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  • Writer's pictureHinton Magazine

A quarter of EV owners left running on empty by loved ones this Christmas

New Research1 from Direct Line Motor Insurance reveals that nearly a quarter (23 per cent) of EV owners have been refused permission to charge their vehicle when visiting their friends or family members.


With Christmas around the corner, many EV owners will be planning their journeys carefully and relying on re-charging their vehicles once they arrive at their loved one’s homes. Just under half (46 per cent) of Brits say they would be comfortable letting visitors charge their EV at their home, no questions asked and one in ten (8 per cent) have admitted they would never let their friends or family charge their vehicle, leaving many running on empty before being able to return home after the festive period.


Electric Vehicles

For what reason would you let a friend or relative charge their EV at your home1?

Reason given

Percentage

If they were low on charge / couldn’t get home

20 per cent

If they had travelled a long way to see me

13 per cent

If they were doing me a favour

6 per cent

I would never let them charge

8 per cent

Unsurprisingly, 86 per cent of petrol or diesel car drivers would not ask for a contribution towards their fuel when visiting friends and family. But EVs have changed this dynamic, with 53 per cent of Brits admitting that they are more likely to let someone charge their car than offer to pay for their fuel. With a full charge usually costing between £17 and £282 per vehicle, Brits could be looking at a total additional cost of £9m on their electricity bills this Christmas3.


A fifth (18 per cent) of those who would let loved ones charge their EV wouldn’t charge for charging but admitted that they would be annoyed if their loved ones didn’t at least offer a contribution towards the cost. It seems there’s an age split in the etiquette, with 17 per cent of 18 – 34 year olds feeling comfortable asking for a contribution towards charging costs, over three times that of those aged 55+ (5 per cent).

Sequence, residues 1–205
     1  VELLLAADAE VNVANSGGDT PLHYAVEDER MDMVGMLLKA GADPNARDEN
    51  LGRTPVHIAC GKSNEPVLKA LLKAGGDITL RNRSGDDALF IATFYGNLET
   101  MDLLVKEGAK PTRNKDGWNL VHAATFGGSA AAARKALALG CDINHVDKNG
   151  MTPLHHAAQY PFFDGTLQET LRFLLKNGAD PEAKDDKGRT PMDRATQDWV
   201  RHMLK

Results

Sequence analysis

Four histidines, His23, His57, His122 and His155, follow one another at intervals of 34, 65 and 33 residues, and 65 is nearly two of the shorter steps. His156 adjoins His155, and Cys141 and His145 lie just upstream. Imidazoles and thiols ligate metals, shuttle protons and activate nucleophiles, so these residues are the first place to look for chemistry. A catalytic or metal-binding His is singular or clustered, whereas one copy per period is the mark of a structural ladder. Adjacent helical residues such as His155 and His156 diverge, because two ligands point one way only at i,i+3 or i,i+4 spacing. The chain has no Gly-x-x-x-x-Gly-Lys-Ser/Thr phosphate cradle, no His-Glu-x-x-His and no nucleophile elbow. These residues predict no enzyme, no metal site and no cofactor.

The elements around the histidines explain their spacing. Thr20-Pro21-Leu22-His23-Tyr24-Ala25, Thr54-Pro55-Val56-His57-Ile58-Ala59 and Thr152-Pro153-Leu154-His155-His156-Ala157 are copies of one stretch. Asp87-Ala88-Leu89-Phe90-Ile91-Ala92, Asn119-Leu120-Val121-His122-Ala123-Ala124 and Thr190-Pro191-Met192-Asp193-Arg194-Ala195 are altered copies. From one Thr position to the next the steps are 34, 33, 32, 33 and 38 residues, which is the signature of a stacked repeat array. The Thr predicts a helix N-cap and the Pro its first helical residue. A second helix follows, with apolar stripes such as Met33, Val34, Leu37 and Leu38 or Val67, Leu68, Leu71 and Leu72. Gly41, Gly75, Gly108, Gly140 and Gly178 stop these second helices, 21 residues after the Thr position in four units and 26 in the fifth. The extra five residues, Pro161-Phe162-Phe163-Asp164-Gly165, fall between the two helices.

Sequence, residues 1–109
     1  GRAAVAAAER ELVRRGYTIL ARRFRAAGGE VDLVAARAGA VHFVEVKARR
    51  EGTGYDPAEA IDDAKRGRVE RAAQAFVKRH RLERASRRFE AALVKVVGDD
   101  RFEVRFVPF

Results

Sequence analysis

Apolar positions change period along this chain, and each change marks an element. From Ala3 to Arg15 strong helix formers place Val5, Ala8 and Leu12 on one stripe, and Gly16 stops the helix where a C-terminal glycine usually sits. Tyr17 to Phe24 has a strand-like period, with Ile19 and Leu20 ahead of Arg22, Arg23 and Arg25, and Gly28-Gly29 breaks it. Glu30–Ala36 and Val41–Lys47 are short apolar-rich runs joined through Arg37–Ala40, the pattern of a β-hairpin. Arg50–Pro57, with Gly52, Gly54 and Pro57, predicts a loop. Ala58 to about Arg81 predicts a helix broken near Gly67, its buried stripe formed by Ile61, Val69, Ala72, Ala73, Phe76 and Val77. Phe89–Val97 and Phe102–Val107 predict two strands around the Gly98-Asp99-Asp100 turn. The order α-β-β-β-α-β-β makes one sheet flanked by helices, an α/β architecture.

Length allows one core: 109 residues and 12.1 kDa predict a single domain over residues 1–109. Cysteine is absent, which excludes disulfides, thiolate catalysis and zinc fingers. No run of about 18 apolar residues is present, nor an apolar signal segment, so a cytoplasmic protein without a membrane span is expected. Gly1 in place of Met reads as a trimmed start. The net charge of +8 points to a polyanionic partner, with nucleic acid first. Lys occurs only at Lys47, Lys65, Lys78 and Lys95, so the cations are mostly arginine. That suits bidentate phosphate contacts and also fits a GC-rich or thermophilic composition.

Commenting on the evolving topic of protocol when charging electric vehicles, former Royal Butler and leading etiquette expert, Grant Harrold said:

“Christmas is about the season of goodwill and thinking of others and being around loved ones. In order to be together in the 21st century more and more cars are now electric. So, when preparing the Christmas treats, presents and meals also be ready to offer your electricity to EV owners so they are able to visit you, after all, if Santa’s sleigh was EV due to the reindeer being on holiday, I am sure you would offer him some electricity to ensure he can visit you and others.”

 

Grant Harrold’s top tips on EV charging etiquette:

1.       Ahead of the Christmas period, always ensure your EV car is fully charged in order to reduce the number of times you may need to charge when visiting friends and family

 

2.       If you need to use your family or friend’s electricity to charge your car, please remember to always ask in advance, and do offer to pay something towards using it. If they decline money, then do take a gift to say thank you

 

3.       If other family members need to use the charger as well perhaps work out who needs to leave first so they charge their car first, or it may turn it into a game of musical chargers

 

4.       When writing your Christmas thank you letters remember to thank the hosts for their electricity as without it you may have had a very blue Christmas indeed

 

5.       Remember your inner Mary Poppins! Always make sure you tidy up and leave the charging area tidy. Your family or friends will not thank you if you leave charging cables hanging out everywhere

 

6.       Do not brag about having an EV when at Christmas parties/events, remember not everyone wants one/ can afford one so be respectful of other people’s situations

 

Lorraine Price, Head of Motor Insurance at Direct Line, commented: 

“Whilst most of us wouldn’t dream of asking our hosts to chip in towards fuel when visiting them, it is completely acceptable to ask if you can plug in to charge your EV.  That being said, over a quarter of EV owners may find themselves running low on charge if refused access to charging points by loved ones. EV charging points at service stations are likely to be busy over the festive period so it’s important to plan ahead and to make sure that your hosts are happy for you to charge your vehicle at their homes. And if they don’t have a charging point already, being prepared for this as well. ”

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